Summary:

For many news sites, Facebook has become one of the biggest sources of referral traffic to its stories, and today the social network reveale…

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For many news sites, Facebook has become one of the biggest sources of referral traffic to its stories, and today the social network revealed some numbers that underscored how it is continuing to build up its cred as a news aggregator: it says it now has “thousands” of journalists using its new Subscribe feature, an enhanced, Twitter-like broadcasting service that lets those journalists engage with readers, highlight news and publicize their work, without the need for the reader and journalist to mutually follow each other.

But before you think that Subscribe has been taken over by those working in the world of blogs and digital-first news sites, think again. According to a blog post today, Facebook said that among those early adopters, the highest concentration of journalists using Subscribe were from two of the most old-school publications: Washington Post (NYSE: WPO) has more than 90 journalists using it; and The New York Times (NYSE: NYT) has over 50.

Anecdotally, people have said they are finding a lot more people are following them on Facebook than they are on Twitter. That’s not so strange: although Twitter has become the default place that many journalists hang out online today, Facebook is fundamentally a much bigger site: 300 million versus 800 million subscribers, respectively. The only surprise, given how much traffic Facebook generates for some sites, is that more journalists aren’t using it as a way to reach readers, or would-be readers. That might be because some see Facebook as a down-time activity, compared to Twitter as a work-time network. (I know I do.)

So Facebook may have a roster of thousands of engaged journalists to canvas, but it took a selection of only 25 to draw some early conclusions on how journalists are using Subscribe. Does that sound like a small number? “When it comes to qualitative, it’s enough to draw conclusions and see patterns,” Vadim Lavrusik, Journalist Program Manager & Betsy Cameron, Data Analyst, wrote in response to one person’s questioning of the sample size.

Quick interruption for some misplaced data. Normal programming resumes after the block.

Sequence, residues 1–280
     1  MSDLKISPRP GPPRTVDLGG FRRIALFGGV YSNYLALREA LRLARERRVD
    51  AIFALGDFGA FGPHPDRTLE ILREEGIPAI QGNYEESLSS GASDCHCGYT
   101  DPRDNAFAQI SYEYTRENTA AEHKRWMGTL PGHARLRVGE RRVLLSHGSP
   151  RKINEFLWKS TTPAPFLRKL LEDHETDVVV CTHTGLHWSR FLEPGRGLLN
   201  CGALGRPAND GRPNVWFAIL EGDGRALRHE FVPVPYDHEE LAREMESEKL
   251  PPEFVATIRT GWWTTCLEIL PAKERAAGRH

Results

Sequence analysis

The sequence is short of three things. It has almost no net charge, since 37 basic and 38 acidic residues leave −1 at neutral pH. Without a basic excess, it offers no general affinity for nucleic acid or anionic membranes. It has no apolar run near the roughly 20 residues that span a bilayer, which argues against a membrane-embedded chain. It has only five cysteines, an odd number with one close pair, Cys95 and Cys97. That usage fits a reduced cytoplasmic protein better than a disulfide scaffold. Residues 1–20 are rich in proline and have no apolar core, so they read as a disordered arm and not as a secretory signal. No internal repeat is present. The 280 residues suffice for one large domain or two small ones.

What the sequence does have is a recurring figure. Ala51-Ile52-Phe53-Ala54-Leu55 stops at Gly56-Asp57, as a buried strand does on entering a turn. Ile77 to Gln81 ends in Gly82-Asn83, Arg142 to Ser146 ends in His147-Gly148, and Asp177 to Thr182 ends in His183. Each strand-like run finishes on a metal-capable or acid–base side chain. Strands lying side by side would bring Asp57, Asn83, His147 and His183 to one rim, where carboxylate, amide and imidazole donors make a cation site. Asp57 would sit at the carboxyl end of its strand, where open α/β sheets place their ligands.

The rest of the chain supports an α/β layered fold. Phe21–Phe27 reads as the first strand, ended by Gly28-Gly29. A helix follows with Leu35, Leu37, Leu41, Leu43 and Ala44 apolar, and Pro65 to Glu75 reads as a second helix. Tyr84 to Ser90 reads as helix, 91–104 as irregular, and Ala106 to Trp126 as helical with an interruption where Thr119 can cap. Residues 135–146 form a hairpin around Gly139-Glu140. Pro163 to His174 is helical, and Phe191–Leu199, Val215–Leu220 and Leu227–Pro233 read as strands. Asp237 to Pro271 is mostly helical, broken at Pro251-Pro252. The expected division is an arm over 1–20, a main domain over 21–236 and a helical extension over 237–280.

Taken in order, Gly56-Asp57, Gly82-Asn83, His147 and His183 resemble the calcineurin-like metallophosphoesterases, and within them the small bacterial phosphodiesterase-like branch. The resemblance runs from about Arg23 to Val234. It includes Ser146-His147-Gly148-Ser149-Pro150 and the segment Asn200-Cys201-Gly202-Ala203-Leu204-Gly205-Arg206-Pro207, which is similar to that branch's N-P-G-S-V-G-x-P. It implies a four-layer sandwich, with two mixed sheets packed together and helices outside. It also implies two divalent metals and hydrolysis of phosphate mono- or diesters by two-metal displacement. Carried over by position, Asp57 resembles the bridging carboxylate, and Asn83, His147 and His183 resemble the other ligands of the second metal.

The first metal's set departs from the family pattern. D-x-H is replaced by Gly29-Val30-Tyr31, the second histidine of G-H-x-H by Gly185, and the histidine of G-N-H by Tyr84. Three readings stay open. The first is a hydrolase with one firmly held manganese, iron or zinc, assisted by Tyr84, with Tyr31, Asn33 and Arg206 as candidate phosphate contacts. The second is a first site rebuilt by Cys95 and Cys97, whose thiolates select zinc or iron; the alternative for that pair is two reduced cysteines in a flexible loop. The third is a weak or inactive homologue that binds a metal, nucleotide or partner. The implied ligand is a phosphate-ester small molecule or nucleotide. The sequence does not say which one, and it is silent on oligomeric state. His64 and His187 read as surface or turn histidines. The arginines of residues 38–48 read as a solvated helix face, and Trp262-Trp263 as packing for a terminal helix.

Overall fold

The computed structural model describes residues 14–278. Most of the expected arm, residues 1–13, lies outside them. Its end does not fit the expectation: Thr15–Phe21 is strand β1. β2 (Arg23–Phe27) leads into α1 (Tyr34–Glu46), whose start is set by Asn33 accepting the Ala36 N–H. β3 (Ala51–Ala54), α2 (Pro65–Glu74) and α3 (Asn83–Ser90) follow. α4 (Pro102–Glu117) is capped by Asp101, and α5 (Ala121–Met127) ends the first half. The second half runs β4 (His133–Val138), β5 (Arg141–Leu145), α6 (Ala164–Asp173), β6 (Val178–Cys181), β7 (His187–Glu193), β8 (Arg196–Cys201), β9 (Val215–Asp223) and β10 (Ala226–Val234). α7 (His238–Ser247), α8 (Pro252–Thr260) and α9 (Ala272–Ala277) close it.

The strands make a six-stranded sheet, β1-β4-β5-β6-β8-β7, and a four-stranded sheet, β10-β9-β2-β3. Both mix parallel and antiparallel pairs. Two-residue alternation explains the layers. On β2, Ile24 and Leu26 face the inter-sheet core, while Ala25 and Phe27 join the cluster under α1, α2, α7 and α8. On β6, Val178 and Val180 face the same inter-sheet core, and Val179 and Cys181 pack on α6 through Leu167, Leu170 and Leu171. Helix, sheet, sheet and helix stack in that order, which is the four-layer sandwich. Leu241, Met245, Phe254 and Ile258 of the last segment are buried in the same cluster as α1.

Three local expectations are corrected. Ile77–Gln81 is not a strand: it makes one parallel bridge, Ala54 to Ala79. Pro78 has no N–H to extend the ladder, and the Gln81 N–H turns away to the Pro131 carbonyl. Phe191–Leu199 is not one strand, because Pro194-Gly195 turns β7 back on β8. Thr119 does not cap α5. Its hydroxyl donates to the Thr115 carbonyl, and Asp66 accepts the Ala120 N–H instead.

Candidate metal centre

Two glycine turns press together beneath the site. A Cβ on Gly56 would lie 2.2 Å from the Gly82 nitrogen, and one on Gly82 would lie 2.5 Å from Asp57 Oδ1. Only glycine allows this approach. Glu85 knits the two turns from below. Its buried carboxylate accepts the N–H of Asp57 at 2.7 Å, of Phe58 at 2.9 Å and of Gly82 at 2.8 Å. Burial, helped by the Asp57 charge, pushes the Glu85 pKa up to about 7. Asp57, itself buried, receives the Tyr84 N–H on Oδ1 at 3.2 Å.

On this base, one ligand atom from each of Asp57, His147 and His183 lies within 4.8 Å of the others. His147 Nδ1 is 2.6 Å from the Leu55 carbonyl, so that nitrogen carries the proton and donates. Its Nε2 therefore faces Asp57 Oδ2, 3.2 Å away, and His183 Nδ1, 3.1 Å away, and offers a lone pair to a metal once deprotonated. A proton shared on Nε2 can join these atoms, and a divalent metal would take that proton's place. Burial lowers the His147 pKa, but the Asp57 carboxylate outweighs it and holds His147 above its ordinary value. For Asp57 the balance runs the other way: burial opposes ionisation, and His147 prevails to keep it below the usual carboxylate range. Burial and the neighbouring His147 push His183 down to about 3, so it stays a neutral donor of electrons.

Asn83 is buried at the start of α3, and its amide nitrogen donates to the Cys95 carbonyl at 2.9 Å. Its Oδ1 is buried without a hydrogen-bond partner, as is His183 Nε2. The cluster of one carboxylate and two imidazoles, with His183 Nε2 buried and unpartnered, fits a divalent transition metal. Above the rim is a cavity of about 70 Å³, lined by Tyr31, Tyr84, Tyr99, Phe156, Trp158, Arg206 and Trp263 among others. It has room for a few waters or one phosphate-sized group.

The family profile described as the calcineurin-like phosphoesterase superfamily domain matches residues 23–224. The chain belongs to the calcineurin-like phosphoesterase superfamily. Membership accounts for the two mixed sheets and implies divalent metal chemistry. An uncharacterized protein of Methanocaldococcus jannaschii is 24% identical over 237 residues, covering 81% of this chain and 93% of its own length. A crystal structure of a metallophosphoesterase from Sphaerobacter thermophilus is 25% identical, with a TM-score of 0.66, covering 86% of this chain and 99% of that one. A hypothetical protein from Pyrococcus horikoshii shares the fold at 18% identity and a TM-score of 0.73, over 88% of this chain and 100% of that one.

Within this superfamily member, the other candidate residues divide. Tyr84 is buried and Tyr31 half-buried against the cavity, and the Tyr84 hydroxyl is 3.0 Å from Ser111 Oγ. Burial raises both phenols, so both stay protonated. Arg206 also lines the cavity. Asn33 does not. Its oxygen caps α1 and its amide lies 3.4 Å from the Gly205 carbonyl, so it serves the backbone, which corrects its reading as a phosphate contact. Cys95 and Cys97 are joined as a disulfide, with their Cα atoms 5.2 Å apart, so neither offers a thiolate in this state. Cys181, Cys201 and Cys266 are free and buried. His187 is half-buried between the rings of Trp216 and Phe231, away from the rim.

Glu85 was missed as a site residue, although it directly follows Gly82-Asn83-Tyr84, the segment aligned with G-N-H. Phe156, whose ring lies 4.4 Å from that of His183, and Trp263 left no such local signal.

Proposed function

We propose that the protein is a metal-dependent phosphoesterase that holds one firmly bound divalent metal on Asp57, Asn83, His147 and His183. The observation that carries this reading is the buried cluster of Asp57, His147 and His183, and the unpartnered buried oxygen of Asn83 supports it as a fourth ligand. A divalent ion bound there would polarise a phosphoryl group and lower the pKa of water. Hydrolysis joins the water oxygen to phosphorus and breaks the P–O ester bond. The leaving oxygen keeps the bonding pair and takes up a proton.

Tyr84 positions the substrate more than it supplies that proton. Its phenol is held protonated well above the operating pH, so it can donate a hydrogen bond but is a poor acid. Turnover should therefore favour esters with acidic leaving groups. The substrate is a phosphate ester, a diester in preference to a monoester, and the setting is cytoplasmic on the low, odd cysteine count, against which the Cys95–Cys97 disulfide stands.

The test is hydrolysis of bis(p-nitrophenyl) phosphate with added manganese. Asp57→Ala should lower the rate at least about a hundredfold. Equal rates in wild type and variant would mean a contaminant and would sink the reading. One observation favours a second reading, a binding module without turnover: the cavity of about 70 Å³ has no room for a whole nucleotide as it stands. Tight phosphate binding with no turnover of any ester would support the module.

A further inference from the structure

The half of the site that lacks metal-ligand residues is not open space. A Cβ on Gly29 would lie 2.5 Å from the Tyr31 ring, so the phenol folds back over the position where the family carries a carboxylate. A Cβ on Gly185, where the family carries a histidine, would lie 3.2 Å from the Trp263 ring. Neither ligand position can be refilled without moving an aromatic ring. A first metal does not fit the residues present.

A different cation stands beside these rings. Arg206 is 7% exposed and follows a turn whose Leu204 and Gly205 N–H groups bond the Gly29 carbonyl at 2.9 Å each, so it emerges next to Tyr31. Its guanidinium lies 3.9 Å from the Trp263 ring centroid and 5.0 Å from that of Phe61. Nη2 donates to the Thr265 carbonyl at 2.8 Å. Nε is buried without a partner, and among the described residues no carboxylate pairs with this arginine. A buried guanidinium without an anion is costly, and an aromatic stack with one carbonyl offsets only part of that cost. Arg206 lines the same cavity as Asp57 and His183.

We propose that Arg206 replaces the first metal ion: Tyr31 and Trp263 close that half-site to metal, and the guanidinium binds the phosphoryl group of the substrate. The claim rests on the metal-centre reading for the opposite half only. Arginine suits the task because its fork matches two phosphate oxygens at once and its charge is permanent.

Some early take-aways from that group of 25. There will likely be some that have seen significantly different results.

– The average journalist has seen a 320 percent increase in his/her traffic since November 2011.
– People are finding journalists via friends in their news feeds (for example, through shared articles); Facebook search and Facebook’s own recommended subscriber list.
– Links are good: 62 percent of posts contain a link, and when posts have some analysis with the link, that triggers 20 percent more referral traffic.
– Questions are better: 25 percent of posts ask a question, and Facebook said that an earlier study that found posts that asked for input received 64 percent more responses from users — although those might not be click-throughs and just simple likes.
– Self-promotion actually works: 30 percent of posts contain calls to action such as “read this.” Those receive 37 percent more engagement than those without the self-promotion. Asking reads to comment also got good responses: between two and three times more engagement from subscribers.
– So do photos: surprisingly only 12 percent of posts were based around photos — but those that used them got 50 percent more “likes.” Again, no detail on how that actually translated into people reading those posts, if those posts also included links to stories.
– Videos are equally less common — only 13 percent of posts feature them.

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